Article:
In Macbeth, why is Banquo the character who appears as a ghost to Macbeth?

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accessteacher | High School Teacher | (Level 3) Distinguished Educator

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Excellent question. Let us remember that when Banquo appears to Macbeth during the banquet scene in Act III scene 4, Macbeth has just personally organised to have Banquo disposed of by using trained murderers that he has obviously persuaded to kill Banquo through manipulation. This represents an escalation of Macbeth's level of evil. Let us remember that when he killed Duncan, it was something that he himself did personally, and it was all organised by his wife. The fact that in Act III Macbeth shows that he is becoming more cold-hearted about murder through employing others to kill for him and coming up with his plans himself represents his descent into evil. It is therefore fitting that, just as Macbeth was haunted by the sight of the blood on his hands in Act II after killing Duncan, Macbeth should be haunted by the presence of Banquo in this scene.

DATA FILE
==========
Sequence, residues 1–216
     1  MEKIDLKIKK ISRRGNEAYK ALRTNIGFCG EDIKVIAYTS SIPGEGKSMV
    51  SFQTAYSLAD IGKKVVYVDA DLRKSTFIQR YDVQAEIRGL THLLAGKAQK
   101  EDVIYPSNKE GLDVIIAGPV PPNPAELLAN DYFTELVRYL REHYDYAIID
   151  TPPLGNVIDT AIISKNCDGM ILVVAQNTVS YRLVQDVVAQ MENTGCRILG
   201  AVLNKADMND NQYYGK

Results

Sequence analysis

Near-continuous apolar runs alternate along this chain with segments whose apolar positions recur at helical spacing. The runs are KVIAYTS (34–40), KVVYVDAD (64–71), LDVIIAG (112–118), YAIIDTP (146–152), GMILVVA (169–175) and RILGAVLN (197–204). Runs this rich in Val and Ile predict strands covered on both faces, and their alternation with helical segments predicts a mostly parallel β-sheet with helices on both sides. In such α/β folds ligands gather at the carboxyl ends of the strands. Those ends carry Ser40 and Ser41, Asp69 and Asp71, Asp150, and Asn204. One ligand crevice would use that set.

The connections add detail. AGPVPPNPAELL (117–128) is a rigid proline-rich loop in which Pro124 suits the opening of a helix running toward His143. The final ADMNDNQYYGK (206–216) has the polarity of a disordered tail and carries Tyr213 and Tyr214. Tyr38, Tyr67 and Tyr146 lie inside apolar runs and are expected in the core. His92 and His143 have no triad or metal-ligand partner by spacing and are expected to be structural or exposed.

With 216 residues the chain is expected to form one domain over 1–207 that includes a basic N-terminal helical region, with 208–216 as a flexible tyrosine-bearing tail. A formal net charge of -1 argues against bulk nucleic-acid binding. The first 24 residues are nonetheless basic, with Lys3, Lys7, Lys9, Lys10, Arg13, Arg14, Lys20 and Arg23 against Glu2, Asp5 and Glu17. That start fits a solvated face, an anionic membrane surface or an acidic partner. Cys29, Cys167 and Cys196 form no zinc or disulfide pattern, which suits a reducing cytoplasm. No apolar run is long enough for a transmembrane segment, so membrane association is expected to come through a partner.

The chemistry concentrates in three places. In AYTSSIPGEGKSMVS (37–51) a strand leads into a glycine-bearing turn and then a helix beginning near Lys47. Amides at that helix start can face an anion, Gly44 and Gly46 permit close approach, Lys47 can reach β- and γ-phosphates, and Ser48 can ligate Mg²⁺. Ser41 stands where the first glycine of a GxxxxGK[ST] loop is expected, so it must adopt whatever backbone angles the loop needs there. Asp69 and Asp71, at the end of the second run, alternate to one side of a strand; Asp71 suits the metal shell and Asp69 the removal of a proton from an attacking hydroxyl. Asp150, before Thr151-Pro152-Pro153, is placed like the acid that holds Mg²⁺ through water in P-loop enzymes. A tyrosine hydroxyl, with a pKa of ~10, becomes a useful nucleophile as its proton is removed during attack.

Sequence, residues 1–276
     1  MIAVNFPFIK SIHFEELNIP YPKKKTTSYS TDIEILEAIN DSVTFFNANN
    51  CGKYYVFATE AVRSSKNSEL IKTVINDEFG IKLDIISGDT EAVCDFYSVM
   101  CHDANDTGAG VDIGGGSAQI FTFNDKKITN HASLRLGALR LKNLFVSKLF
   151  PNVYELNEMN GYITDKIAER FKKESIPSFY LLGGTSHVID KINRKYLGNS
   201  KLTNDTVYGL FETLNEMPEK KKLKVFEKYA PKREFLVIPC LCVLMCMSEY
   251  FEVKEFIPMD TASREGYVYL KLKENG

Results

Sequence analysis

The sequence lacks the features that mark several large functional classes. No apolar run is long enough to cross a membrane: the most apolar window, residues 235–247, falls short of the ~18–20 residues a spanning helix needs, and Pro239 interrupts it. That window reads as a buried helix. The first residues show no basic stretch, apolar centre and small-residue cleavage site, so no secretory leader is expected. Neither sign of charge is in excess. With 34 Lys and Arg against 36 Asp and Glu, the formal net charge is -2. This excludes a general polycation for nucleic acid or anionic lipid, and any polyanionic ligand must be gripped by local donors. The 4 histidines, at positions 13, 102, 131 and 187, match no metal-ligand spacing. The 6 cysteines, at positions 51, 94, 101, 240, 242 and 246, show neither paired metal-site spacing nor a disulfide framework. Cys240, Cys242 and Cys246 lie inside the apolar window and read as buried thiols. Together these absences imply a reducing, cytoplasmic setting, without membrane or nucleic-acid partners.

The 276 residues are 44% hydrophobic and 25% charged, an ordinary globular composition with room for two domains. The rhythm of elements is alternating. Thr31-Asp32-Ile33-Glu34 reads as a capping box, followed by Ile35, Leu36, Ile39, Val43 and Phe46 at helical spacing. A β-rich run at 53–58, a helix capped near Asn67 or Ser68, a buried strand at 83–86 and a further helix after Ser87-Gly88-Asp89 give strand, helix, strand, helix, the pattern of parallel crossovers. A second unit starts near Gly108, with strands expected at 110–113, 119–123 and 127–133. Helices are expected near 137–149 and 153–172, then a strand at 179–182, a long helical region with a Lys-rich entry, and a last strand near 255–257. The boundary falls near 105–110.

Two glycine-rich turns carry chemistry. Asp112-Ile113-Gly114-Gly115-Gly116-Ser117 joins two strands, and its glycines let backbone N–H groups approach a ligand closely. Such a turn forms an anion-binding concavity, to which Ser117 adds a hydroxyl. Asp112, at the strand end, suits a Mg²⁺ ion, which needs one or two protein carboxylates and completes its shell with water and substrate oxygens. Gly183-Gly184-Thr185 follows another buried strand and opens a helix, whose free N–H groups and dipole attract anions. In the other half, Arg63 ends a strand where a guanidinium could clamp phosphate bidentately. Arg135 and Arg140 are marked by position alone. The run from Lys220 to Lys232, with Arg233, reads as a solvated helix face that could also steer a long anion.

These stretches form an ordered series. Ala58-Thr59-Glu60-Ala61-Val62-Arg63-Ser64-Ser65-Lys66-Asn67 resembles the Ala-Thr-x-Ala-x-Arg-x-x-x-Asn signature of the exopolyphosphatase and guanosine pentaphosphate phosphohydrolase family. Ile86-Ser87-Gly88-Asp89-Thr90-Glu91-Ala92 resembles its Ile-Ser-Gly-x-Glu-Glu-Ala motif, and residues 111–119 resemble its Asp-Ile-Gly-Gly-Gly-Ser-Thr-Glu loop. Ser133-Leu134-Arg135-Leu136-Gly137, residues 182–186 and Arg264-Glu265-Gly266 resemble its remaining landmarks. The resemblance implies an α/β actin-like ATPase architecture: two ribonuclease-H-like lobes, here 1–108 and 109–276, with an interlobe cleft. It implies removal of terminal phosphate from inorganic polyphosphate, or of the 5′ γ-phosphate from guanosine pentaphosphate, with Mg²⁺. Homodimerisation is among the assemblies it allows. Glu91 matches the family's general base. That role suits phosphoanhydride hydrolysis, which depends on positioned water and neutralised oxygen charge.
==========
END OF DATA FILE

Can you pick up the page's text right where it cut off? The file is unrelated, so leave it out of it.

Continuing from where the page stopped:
At the same time, we could also point out a deeper significance in the appearance of the ghost of Banquo. Let us remember that Banquo is used as a foil for Macbeth in the play, in particular in the way that the two characters respond to the prophecy. Banquo is shown to be a character who does not act in response to prophecy, whereas Macbeth does act. In particular, the prophecy that the witches gave to Banquo concerning his heirs becoming kings has just been given extra credence by Fleance's escape. As such, Banquo's presence acts as a rebuke to Macbeth, reminding him simultaneously of how Banquo responded to prophecy but at the same time taunting Macbeth with the failure of his attempt to change the future by trying to kill Banquo and his heirs.

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